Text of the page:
Pepper is a great text editor for programmers whose main principle is to help its user be as productive as possible. A typical example of Pepper’s innovations is the invention of the “Accelerator”. The Accelerator allows you to enter text or code quickly with a simple keystroke. Hekkelman Programmatuur, the company behind Pepper, will give away for free a copy of Pepper 4 to a lucky OSNews reader. Pepper currently runs on MacOS/X, Windows2k/XP, while a release for Linux and FreeBSD (and possibly IRIX and Solaris) will be ready in the next few months. The winner will receive a “keycode” unlocking the software for all platforms. Read more to see how you can enter the competition. Update: Competition is now closed! Thanks everyone who participated!Basically, there is not much you will have to do. Just download Pepper (it is only 1.3 MB), have a look at it, use it a bit, get a feel from it, and then reply to the form below with your comments for the product and how Hekkelman Programmatuur could better the product. Easy!
Things you need to know before entering the competition:
Good luck everyone!
Update: Competition is now closed! Thanks everyone who participated!
Well, I don’t know how good the Pepper editor is but Linux obviously has a lot of FREE/OPEN/GOOD editors.
I bought the predecessor “Pe” for BeOS and am very satisfied with it. I’d again buy Pepper if it were available. Provided it offers a significant gain over “Pe” and its development is kept up…
Downloaded Pepper, unfortunately without a kep you can’t use it to evaluate the product.. What did I miss?
I work in Linux and in Windows. On both platforms I use VIM. Actually, gvim.It has syntax highlighting for alot of programming languages, shellscripts included, virtually unlimited filesize, many other features.
Just launch it, wait a couple of seconds,
and then close the registration pop-up. It’ll work.
I found it just after I sent the comment, don’t press cancel, just the [X] box 🙂
It’s not that much different from version 3.3.6 (except for the Windows port), is it? However, I couldn’t see much to improve anyway – it’s a good editor and the presence of a Windows version makes it even more attractive to me (poor cross-platform developer).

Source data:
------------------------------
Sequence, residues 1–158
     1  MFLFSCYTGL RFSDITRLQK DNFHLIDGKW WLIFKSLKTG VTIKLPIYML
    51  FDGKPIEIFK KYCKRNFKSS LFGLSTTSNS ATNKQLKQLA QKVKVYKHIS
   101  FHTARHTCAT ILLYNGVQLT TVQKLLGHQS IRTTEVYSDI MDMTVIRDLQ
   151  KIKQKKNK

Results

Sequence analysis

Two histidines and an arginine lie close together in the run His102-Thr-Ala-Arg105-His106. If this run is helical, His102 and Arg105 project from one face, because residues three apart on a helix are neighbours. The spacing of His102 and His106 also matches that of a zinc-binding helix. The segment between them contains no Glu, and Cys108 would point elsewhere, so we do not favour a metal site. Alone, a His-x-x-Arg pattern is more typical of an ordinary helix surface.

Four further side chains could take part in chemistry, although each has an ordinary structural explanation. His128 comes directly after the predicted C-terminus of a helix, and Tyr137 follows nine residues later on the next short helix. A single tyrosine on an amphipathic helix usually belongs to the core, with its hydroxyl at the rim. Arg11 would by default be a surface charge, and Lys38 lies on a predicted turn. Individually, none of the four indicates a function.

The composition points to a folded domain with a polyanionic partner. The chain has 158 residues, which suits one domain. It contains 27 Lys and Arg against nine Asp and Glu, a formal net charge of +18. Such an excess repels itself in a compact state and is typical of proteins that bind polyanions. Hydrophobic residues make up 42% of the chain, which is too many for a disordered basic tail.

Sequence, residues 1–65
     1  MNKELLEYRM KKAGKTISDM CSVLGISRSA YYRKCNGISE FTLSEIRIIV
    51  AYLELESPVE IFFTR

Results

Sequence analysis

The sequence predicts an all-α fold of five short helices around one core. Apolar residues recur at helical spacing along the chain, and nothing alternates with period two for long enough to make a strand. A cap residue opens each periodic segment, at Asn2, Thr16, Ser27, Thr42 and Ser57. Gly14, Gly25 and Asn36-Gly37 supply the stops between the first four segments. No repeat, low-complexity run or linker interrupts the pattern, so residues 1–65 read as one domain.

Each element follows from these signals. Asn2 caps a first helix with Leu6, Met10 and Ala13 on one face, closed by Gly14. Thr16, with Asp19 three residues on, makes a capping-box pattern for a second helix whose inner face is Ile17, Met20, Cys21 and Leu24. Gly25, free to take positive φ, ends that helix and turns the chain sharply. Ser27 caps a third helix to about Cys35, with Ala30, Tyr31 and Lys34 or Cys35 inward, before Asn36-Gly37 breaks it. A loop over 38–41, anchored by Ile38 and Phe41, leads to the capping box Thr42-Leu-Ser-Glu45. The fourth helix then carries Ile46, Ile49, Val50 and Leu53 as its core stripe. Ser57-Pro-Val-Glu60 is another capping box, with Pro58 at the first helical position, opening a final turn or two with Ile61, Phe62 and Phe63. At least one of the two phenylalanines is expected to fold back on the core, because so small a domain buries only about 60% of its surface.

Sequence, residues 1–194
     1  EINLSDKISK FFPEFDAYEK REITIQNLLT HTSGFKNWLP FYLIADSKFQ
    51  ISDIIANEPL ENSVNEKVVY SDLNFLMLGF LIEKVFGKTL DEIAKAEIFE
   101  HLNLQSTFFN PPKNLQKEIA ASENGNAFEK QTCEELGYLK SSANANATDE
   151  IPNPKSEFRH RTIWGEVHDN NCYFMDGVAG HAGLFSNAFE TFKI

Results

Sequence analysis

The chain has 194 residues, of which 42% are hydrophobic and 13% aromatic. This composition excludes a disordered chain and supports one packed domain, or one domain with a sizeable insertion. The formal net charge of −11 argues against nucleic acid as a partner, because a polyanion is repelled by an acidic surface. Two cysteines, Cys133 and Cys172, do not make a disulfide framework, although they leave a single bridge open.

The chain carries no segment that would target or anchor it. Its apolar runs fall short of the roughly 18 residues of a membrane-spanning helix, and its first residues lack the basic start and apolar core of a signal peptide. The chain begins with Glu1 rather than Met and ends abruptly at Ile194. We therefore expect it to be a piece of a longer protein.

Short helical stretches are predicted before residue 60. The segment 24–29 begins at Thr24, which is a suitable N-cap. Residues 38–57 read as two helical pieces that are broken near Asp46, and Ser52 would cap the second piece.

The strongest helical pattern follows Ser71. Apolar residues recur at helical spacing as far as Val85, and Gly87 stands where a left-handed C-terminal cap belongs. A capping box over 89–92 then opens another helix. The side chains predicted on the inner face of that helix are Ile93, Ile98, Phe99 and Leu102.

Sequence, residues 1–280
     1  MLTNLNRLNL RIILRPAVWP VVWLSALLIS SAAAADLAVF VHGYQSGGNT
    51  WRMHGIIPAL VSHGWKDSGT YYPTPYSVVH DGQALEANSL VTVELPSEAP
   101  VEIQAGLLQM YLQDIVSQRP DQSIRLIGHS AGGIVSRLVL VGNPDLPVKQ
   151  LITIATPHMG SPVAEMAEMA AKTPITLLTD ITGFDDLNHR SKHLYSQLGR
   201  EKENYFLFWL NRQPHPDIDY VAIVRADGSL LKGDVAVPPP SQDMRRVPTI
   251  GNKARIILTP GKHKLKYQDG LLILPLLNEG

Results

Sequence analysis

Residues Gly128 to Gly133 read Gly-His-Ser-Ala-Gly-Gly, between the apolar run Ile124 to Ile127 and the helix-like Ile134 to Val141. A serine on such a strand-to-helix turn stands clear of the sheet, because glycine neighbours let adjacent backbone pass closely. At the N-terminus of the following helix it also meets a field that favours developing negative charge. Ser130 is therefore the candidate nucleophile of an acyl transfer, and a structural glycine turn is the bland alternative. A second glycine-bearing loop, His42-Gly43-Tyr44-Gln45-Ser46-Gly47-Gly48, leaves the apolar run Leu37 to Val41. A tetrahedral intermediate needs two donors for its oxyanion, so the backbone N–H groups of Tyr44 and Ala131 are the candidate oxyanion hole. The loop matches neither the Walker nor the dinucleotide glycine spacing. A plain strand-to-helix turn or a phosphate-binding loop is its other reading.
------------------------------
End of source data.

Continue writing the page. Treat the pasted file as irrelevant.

No, it isn’t very different externally. Internally there’s a lot of changes. From a marketing perspective it probably should have been called 3.7, since it sounds like 4.1 will have more features. I think the program’s author has always been a better programmer than a marketer, though.
As for competing on Unix platforms with high-quality free editors like NEdit, VIM and Emacs, it’s a good question. I suspect Pepper purchases for those platforms will mostly be people who are used to the editor from BeOS or Mac (or perhaps Windows, now) and want to be using the same editor cross-platform. The main advantage of Pepper to me at this point is that it runs in the Aqua GUI well–Emacs and NEdit both require X, and VIM’s Cocoa port is kind of wonky.
Pepper <em>does</em> have some cool features, most notably (to me) the non-modal search function and the different functions relating to marking lines.
Hehe, just kidding….. although I would love to update my Pe
Well, it’s nice to see Pepper coming to *nix, so I’ll have Pepper @ wurq very soon…. and don’t have to wait for my new PowerBook this summer.
I would gladly pay for an editor I could use for PHP/HTML on BeOS if it was more useful than Eddie. I _really_ love Eddie’s FTP open/save features…
xfte. xfte is the best damn editor there is. Plus, it runs on like every platform there is.
I have to disagree. I believe that jEdit is the best editor available. It will run on any platform that supports Java. has support for just about every editing mode known to man, has a ton of plugins (debugger, tabs, code reformatting, xml, ftp, drag & drop, visual diff tool, etc). And best of all, it is free and rapidly being improved. Check it out at http://www.jedit.org.
…is almost great. Just a few usability and speed issues for it to overcome.
You are right that jEdit has some performance issues to overcome, but that is a swing problem, not really a jEdit issue. However, the performance seems to be improved when using JDK 1.4 which has many performance improvements compared to 1.3.
Yup, JEdit is great. I use it currently at work with FreeBSD and Win2k. The performance is not that bad And with SkinLF (Aqua) or Kunststoff it looks great